To bring children into the world and not to be able to provide for them is easily the lesser of the two evils. Better any temporal trials than sin by breaking God’s law. But you have no certainty that you will be unable to provide for the children God sends, or that they will be undernourished. There is such a thing as Divine Providence, above all for those who are faithful to Him. In fact God has a special Providence for large families. At best you are but making a conjecture which may never be realized; yet you talk of violating a certain obligation by contraceptive practices because of merely possible contingencies; contingencies which, even did they eventuate, could not excuse such conduct. But there is another alternative, involving discomfort to self, I know, but less than either of the two you mention. It is self-denial. You speak as if one had to choose either of your two alternatives. He need not. Mutual self-restraint is lawful. Anyway, if people do use their privileges, God absolutely forbids contraception. Nor will He send a mouth He cannot fill. Even it it meant poverty; even if an orphanage had to take care of me, I would prefer to be born and have my chance of eternal happiness with God. And I certainly thank God that, when it was my turn to come, my own mother did not say, “No more.”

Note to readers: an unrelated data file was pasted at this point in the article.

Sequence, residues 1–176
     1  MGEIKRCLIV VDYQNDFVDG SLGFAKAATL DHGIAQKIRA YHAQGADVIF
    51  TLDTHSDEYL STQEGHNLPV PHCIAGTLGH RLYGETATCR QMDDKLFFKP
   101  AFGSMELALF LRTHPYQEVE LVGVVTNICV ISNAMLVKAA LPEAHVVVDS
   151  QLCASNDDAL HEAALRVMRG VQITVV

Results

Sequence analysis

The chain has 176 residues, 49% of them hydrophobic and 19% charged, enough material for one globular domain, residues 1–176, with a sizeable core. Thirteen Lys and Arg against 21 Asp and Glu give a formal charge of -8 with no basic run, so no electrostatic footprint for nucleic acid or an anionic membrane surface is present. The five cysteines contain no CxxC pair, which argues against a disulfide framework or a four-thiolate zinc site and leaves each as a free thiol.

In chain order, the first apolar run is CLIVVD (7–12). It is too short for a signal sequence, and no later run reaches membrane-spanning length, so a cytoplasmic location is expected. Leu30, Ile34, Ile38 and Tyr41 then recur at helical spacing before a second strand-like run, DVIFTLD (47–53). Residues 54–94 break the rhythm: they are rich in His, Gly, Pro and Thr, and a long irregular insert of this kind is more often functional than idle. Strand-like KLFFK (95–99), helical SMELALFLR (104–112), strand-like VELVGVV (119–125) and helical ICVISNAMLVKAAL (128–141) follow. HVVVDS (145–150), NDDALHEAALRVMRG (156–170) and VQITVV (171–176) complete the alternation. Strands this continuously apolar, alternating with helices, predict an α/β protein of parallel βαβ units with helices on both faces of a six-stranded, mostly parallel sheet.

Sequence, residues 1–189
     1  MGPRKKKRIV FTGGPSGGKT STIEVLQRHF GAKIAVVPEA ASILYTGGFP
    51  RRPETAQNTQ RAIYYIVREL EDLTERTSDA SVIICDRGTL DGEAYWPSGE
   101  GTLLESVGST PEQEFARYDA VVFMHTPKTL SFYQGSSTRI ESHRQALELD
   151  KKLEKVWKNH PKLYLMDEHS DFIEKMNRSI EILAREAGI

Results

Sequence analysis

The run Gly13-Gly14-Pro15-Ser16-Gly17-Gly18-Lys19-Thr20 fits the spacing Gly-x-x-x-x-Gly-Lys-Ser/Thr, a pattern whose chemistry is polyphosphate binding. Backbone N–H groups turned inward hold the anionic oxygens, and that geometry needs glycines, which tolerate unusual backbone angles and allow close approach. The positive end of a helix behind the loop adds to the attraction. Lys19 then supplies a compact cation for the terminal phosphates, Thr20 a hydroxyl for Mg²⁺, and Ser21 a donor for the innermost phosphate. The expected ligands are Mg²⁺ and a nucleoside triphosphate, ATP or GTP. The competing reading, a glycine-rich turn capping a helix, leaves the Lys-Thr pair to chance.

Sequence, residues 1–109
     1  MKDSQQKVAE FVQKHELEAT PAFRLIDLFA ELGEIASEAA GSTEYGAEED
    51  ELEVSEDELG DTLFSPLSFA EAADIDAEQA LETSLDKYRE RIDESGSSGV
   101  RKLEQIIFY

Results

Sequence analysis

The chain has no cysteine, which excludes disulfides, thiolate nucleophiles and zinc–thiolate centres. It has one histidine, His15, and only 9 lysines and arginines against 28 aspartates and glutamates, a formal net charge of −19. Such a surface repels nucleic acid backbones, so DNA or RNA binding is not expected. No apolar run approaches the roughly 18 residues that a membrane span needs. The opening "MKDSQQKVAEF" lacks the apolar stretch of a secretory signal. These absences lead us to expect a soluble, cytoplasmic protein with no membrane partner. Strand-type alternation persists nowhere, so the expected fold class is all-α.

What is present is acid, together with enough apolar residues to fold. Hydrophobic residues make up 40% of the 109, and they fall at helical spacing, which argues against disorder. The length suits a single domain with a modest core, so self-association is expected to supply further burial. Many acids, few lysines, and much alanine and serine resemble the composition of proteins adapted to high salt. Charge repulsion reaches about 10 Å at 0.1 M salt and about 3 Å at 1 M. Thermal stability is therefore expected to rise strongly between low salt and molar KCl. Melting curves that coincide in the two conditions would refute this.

Radio Replies Volume 1 by Rev. Dr. Leslie Rumble MSC and Rev. Charles Mortimer Carty
The Case for Catholicism - Answers to Classic and Contemporary Protestant Objections
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